The Executive Committee of National Economic Council (ECNEC) approved nine mega development projects worth Rs 361 billion including 306-kilometer long Hyderabad-Sukkur motorway.
The meeting of ECNEC, headed by the Finance Minister, Shaukat Tarin was held virtually on Wednesday. ECNEC gave the approval of a 306-kilometer long Hyderabad-Sukkur motorway to be built with the support of the private sector.
The CPEC route that passes through Islamabad-Lahore motorway (M2), Pindi Bhattian-Faisalabad-Multan motorway (M4), Lahore-Abdul Hakeem-Multan-Sukkar-Hyderabad-Karachi motorway connects the ports of Karachi and Gwadar. The Hyderabad-Sukkar motorway was a missing link here.
The government approved the provision of Rs 92 billion from the budget and through toll taxes to make this project feasible and lucrative for the private sector.
ECNEC approved the Gomal Zam Multipurpose Project at the revised cost of Rs 25.9 billion. The project is situated at the Gomal River, Khyber Pakhtunkhwa. The purpose of the project is to produce electricity from the flood water and to provide irrigation water of 848 cusecs to irrigate 219192 acres of land that falls under the Warman Canal System.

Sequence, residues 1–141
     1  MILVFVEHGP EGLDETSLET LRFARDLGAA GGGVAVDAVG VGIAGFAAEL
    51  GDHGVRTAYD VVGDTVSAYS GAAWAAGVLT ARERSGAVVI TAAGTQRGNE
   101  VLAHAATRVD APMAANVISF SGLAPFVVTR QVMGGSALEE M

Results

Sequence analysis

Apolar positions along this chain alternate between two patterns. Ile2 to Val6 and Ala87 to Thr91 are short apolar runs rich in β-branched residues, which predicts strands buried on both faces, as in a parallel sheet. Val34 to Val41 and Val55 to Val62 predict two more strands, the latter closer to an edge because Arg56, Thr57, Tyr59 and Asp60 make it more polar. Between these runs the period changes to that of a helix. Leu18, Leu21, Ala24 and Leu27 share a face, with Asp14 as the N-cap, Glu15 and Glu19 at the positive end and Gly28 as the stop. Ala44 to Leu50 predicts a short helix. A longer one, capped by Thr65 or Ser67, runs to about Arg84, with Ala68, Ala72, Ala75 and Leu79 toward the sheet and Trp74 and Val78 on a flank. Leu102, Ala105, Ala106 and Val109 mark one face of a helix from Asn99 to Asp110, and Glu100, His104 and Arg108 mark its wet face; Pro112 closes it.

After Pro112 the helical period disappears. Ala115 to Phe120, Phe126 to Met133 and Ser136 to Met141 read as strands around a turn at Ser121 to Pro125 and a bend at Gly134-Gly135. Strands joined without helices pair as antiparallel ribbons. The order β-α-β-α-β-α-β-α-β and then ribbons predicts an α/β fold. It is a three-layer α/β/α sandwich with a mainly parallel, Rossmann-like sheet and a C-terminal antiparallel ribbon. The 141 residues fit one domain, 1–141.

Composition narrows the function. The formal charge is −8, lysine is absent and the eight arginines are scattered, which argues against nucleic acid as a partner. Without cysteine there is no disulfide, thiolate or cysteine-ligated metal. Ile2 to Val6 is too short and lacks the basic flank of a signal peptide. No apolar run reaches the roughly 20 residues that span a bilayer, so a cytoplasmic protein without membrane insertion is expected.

ECNEC approves other development projects worth billions of rupees
The meeting of ECNEC also approved the Covid-19 Response and other Natural Calamities Control Program (Sind Component) worth Rs 20.8 billion. The project is aimed at strengthening the provincial health system to respond to the pandemic-like condition at THQ and DHQ hospitals. The meeting also gave the approval of the 30-megawatt Chowari hydropower project, worth Rs 16.4 billion.
Another hydropower project, Hazel, Gilgit was also given approval which cost Rs 12.9 billion. The approval of the construction of the Hoshab-Kgusdar section of the M-8 project; Section 2 of Awaran-Naal of 168 kilometer, worth Rs 32.2 billion was also given by the ECNEC.
The KPK Provincial Roads Rehabilitation Project under PKHA Portfolio was given approval at the cost of Rs 28.2 billion. Finance Minister directed the Planning Commission to prioritize the projects which were strategically important or could be completed in limited time to save the exchequer from cost overrun and unnecessary delays.